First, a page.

summer fitness

Some people get carried away with exercise in the summer. Many sedentary people take up sports or decide to start jogging because summer is almost universally accepted as everybody’s favorite season – and then the heat can take its toll and your client’s motivation may turn to mush. Summer inspires activity and motivates people to expand their horizons, so it’s important to go into it purposefully as to not get ‘burned’ out.

Having a summertime action plan for clients to follow is a good way to keep them on track. Make a punch list of the things that they should do to get the most out of their summer activities in a smart and safe way.

Know any Weekend Warriors?

Summer heat starts a fire in the very heart of the weekend warrior. On a warm summer morning with “Eye of the Tiger” blaring on the iPod he pulls his faded old jockstrap or her dusty old sports bra out of the bottom left hand dresser drawer. You know that drawer, everybody has one. It is only opened when you have misplaced something and have looked everywhere else in a four state radius to find it.


Having lost all hope of ever finding your valued possession you get desperate and crack the seal on the mummy’s tomb known as the bottom left hand drawer. Everything in that drawer smells like musty old wood and broken dreams. It contains all of the clothing that went out of style last decade, the workout videos from failed resolutions past and clothes so ragged that the Salvation Army would kick them to the curb.

Even as you are reading this a few of your clients are most likely getting sports apparel from that notorious bottom left hand drawer. Aside from advising them to launder their aforementioned unmentionables there are some good tips and sound advice that may help them on their summertime journey.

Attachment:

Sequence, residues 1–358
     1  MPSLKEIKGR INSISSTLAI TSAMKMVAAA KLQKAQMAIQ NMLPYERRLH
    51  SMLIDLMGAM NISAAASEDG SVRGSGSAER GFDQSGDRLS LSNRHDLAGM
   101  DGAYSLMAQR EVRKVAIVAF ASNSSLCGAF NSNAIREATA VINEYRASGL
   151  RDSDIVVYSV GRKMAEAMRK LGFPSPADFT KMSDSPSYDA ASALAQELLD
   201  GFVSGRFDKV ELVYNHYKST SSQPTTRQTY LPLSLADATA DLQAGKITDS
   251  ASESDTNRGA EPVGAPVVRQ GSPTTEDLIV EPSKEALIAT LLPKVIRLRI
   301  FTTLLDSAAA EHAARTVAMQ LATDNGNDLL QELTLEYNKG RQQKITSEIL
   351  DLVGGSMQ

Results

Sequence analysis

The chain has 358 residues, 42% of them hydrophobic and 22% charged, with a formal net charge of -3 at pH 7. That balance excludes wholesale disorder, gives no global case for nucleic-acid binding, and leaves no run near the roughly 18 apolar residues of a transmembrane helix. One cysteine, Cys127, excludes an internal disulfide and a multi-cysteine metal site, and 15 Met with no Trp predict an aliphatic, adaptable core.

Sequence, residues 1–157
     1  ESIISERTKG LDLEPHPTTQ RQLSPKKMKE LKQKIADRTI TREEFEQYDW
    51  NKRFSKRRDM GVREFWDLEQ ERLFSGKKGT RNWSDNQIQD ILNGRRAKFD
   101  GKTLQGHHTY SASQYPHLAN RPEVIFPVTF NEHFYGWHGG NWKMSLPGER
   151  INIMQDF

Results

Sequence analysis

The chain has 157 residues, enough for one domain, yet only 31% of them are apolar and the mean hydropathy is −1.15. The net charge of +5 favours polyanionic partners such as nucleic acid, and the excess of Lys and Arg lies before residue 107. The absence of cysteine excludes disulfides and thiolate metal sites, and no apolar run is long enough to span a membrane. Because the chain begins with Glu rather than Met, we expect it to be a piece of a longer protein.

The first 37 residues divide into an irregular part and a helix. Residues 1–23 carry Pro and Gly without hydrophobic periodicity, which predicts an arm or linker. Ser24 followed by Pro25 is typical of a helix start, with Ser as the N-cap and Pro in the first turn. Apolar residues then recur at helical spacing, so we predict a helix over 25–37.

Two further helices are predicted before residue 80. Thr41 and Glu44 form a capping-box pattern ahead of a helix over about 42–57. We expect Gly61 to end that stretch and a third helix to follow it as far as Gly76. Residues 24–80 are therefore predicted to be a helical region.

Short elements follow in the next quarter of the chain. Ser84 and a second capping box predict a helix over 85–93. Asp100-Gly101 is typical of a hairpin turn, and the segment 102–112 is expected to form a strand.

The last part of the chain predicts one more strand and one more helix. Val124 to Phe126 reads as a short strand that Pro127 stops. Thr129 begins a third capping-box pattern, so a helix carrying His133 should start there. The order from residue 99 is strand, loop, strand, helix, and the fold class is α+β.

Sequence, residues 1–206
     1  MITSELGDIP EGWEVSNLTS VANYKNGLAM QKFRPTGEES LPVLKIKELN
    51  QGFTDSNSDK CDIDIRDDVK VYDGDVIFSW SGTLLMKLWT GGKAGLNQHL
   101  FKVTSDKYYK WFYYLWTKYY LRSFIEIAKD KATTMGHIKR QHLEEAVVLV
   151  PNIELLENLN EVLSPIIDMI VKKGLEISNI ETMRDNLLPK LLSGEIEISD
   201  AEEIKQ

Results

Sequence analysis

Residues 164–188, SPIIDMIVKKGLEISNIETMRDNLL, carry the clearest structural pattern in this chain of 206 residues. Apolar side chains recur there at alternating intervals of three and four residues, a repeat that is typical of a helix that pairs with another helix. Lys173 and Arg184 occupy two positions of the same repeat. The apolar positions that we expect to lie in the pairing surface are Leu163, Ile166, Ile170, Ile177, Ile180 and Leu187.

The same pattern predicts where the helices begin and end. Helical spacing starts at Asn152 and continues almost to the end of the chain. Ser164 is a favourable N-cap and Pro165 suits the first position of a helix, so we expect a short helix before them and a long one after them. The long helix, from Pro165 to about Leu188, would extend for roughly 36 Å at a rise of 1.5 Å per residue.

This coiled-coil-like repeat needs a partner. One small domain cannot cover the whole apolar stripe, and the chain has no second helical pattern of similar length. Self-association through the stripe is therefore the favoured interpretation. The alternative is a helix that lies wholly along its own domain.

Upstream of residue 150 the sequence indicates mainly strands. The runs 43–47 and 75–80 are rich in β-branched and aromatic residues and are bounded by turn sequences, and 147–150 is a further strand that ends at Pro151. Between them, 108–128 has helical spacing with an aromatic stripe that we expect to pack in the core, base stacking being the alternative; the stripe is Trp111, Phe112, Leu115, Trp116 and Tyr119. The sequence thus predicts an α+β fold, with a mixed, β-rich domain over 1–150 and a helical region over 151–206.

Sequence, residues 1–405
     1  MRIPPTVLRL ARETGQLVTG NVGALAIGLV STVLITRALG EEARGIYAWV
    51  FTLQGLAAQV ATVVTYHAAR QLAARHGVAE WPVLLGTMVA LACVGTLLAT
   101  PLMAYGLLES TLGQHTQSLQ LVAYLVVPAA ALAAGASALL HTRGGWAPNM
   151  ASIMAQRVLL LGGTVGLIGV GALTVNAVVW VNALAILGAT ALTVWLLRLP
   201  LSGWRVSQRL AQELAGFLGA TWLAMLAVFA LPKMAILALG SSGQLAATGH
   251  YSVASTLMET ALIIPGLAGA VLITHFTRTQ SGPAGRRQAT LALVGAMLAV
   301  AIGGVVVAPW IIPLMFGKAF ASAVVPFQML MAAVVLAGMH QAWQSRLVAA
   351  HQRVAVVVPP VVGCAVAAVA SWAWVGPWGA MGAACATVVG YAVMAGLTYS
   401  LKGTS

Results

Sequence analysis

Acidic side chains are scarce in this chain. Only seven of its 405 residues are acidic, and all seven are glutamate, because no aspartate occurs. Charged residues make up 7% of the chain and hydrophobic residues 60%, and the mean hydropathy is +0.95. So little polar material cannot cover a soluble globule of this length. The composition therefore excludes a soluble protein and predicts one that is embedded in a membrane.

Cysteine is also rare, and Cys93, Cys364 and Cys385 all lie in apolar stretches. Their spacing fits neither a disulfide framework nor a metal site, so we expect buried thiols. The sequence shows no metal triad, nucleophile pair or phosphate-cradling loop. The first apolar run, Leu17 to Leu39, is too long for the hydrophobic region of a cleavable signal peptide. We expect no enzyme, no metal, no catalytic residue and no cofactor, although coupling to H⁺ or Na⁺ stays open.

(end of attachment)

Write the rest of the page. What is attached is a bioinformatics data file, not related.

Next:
Preparing for physical activity

Let’s face it we all want our moment in the sun. What better time to relive the glory of your youth than in the warm days of summer. You may want to advise your clients to treat any physical activity in the same way as they would a workout. The game plan should be to have a proper warm up beforehand, adequate hydration during and a cool down and stretching afterward. Most people don’t think of sports and recreation as exercise until they get hurt doing it. An ounce of prevention will go a long way to keeping them in the action all summer long.

Client Reminders:
1. Bring plenty to drink and consume the water in small amounts often
2. Perform 5 minutes of light aerobic exercise as a general warm up
3. Perform light stretches and then start the activity slowly and ramp up over time
4. Slowly taper down activity and perform some stretches to end the day

Work up to heavier activity

Rome was not built in a day. Often times the people with the least experience at a given endeavor are the most likely to attack it with the greatest amount of zeal. That is because they lack the experience to know the difficulty of whatever new activity they embark upon. A person who is new to fitness or sports is more likely to injure themselves because of over exertion. Moderation and common sense must be used when determining how quickly to ramp up an activity.